How To Start A Mommyblogger Fight

As soon as I saw the headline "In Our House, There's No Santa Claus" my heart sank with the knowledge of an impending conflagration. Santa is a highly charged issue!

Writes Krista Pfeiffer, among other things,

My husband didn't understand the reference, so I explained to him what "Elf on a Shelf" was, to the best of my knowledge. "So, basically they use scare tactics and bribery to get their kids to behave?" he paraphrased. And I nodded, again with a slight air of disbelief.

and

Meanwhile, in our home, my husband and I work very hard to encourage our kids simply to be good for - to quote a popular Christmas song - goodness' sake. Throughout the day, when my two-year-old son cries, I ask my four-year-old daughter if she can think of a way to make him feel better. The slightest hug or kiss from her is all my son needs to immediately pop back to happiness. And then I'll quietly nudge my daughter and point out: "You did that! You got him to feel good again." And we share a quick, tender smile before she goes back to being a robot or astronaut or baker. ..My two-year-old was born into the loving and kind family environment my husband and I try to maintain. When he hears a kid cry, he automatically pouts in empathy. He is quick to dole out hugs or kisses to people he knows when he sees them in distress. And, of the few dozen words he uses, "I'm sorry" are two....So the notion of encouraging my kids to be good in order to make Santa's "nice" list really troubles me. Not only does it completely undermine my authority, but it's pure extrinsic motivation.

and

My kids will still wake up on Christmas morning to see a sparkling tree with a modest bounty of presents underneath. But more importantly, they will also give gifts to the less fortunate, say thank you for what gifts they receive and continue to be kind and do the right thing.

This mom is welcome to do what she wants in her house. She makes some good points about scare tactics and bribery. The "naughty or nice" thing is probably problematic for most moderns. But the tone — oy, the tone! Is there a way to write about parenting without being superior or condemnatory? Or are these opinions just too closely-guarded, too important to the writer?

The commenters quickly fall into two factions, both exercised: the pragmatists who back her up and others who object to her straw-man brat/saint binary and her superior tone. There are some good points made on both sides. Says one,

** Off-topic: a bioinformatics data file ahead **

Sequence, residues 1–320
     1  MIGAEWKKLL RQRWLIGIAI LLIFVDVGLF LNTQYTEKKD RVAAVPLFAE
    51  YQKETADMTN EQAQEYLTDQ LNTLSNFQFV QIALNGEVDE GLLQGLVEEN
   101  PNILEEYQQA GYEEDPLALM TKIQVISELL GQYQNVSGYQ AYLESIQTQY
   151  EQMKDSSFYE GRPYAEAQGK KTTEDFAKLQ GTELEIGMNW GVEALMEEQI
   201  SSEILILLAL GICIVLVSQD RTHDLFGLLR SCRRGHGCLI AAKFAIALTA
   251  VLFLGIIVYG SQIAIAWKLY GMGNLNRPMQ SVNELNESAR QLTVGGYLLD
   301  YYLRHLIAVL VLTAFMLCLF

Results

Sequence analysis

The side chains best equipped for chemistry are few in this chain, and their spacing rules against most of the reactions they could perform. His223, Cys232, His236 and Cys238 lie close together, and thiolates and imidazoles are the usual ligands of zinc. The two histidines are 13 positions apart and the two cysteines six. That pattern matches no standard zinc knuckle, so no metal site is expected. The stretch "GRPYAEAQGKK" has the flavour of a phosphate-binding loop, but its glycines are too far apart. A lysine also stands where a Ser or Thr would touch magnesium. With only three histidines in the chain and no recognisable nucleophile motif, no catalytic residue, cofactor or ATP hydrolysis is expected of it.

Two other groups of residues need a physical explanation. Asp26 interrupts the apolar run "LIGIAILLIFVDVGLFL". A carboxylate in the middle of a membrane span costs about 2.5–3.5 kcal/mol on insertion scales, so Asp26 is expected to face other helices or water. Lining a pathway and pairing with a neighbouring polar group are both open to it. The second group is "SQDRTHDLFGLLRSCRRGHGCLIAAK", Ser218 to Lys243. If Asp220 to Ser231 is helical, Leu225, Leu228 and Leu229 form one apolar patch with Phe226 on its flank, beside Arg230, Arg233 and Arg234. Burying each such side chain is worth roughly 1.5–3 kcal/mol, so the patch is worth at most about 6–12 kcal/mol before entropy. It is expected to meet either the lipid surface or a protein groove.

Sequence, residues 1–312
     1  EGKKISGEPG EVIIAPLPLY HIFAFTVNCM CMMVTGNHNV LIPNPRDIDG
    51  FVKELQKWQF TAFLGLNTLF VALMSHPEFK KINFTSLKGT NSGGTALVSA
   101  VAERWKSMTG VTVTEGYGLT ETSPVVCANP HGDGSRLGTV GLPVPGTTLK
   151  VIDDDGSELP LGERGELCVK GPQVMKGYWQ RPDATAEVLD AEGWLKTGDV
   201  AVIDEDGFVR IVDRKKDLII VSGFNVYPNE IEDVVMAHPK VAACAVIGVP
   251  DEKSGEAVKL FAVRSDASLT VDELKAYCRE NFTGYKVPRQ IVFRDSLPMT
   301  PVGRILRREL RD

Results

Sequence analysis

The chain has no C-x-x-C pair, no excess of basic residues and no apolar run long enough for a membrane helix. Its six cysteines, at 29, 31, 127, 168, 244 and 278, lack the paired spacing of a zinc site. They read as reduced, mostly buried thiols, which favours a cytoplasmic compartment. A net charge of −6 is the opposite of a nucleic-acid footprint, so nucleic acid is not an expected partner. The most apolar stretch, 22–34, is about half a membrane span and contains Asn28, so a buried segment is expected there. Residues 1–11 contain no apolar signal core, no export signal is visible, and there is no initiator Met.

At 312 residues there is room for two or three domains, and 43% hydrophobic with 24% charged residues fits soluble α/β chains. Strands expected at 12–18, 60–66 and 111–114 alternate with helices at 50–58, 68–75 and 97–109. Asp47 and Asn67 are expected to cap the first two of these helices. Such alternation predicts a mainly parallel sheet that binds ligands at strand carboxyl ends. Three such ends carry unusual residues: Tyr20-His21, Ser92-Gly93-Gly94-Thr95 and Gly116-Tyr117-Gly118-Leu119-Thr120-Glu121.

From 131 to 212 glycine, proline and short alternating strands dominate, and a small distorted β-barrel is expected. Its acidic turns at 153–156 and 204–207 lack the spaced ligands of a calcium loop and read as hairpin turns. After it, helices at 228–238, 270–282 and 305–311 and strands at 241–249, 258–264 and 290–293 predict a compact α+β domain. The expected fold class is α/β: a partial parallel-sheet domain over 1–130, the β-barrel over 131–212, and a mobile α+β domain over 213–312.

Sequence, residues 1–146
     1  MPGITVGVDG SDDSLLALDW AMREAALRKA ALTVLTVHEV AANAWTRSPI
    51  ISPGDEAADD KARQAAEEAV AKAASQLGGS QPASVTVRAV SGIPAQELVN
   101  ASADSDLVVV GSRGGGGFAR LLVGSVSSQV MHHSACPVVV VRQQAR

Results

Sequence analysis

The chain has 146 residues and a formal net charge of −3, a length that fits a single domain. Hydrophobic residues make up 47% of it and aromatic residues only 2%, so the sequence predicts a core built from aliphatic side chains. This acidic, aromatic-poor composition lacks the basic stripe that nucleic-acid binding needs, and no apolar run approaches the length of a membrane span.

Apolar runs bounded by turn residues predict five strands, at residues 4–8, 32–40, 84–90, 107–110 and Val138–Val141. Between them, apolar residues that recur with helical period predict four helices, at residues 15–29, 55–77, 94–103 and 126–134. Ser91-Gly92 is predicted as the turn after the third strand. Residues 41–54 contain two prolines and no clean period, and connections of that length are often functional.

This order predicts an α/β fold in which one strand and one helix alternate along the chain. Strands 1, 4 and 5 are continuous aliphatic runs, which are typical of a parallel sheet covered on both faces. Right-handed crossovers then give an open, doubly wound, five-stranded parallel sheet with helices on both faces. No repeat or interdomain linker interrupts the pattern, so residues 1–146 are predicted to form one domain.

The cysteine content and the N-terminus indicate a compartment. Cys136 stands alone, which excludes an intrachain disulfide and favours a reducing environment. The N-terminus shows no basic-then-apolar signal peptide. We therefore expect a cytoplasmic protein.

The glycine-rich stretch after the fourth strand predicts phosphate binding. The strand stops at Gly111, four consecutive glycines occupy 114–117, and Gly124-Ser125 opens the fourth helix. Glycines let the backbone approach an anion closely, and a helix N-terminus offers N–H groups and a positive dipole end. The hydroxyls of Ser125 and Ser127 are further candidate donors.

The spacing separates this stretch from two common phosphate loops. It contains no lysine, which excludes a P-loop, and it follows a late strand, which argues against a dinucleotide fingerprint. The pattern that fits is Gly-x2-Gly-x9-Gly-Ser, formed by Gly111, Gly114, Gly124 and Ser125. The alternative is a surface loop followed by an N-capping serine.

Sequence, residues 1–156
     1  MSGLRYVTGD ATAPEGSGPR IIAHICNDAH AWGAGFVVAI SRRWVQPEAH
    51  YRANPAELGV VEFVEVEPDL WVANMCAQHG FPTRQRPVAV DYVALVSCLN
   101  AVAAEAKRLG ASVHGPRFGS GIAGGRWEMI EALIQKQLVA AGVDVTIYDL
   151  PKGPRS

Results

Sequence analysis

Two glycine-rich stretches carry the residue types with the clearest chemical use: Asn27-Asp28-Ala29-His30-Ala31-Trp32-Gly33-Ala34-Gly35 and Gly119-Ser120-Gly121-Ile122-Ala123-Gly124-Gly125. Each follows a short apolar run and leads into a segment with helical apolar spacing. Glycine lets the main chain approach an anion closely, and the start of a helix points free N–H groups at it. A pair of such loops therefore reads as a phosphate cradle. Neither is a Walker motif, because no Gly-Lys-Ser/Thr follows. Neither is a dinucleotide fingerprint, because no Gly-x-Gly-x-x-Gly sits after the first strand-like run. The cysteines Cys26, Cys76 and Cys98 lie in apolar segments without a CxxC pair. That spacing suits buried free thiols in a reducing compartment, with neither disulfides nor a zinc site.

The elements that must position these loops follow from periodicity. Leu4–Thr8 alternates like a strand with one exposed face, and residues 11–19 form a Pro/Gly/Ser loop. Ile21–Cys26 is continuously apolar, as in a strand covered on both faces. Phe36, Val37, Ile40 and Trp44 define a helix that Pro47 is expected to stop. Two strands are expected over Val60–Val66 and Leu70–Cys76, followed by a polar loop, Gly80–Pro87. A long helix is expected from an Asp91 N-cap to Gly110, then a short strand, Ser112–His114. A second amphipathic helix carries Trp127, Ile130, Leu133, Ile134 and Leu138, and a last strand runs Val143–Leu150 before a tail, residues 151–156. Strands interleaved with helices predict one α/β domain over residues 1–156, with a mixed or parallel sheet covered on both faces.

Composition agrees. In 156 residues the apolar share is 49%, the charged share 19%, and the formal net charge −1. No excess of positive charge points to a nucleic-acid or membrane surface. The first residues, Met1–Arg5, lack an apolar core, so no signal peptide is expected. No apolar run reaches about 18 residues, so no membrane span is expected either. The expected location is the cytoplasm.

As a teacher of elementary school students I see another fundamental problem with Santa. Every year the kids talk about their wish list and what they are going to get from Santa, and every year without fail the upper class kids get their wishes. While the lower, more poverished children don't get satisfied. Are they doomed to think they were not as good, or righteous as the others? It makes me sad.

And another argues,

First of all, desire is not the same as greed. It is perfectly okay and normal for children to desire things, because they are young and have little or no recourse to get things for themselves. For kids, Christmas and birthdays are times they can actually look forward to getting some things that they have desired. That's not bad! Greed is a completely different thing, and there are definitely some greedy kids out there, but it has NOTHING to do with whether or not they believe in Santa and everything to do with the other ways that they are raised. Secondly, many (and indeed, most) kids I know who believe in Santa are concerned with him as a person. My own child and my friends' children have all, at one point or another, asked if Santa gets anything for Christmas. The whole milk and cookies thing is an offering for the generous soul who gives to children. Kids aren't just excited about Santa for his presents, but for the idea that someone who doesn't actually "know" them personally gives generously from his heart, with love. What a splendid thing to teach your children - to be more like Santa! I was raised in a Santa house and I never thought of it as a lie once I gradually realized he wasn't "real," but more as a beautiful story that I got to partake in as a child. Thirdly, you don't like others using Santa as a parenting tool? So don't do it yourself. Who says Santa has to be a weapon?

These are smart people with well-argued opinions. The whole discourse, however, left me feeling tense and distressed; you didn't sense anyone was swayed or persuaded — the initial tone was too combative for that. And really, is anyone open to argument on these issues, to admitting that he's "wrong" about his kids? Can you defend without attacking, in the context of parenting? The exchange left me unsure.

One thing not addressed by anyone though was, for me, one of the big issues: whatever you believe, don't encourage your kid to be the superior killjoy who ruins it for the other kids. The problem being that, for a little kid, that kind of restraint would truly be saint-like behavior.

In Our House, There's No Santa Claus [Babble]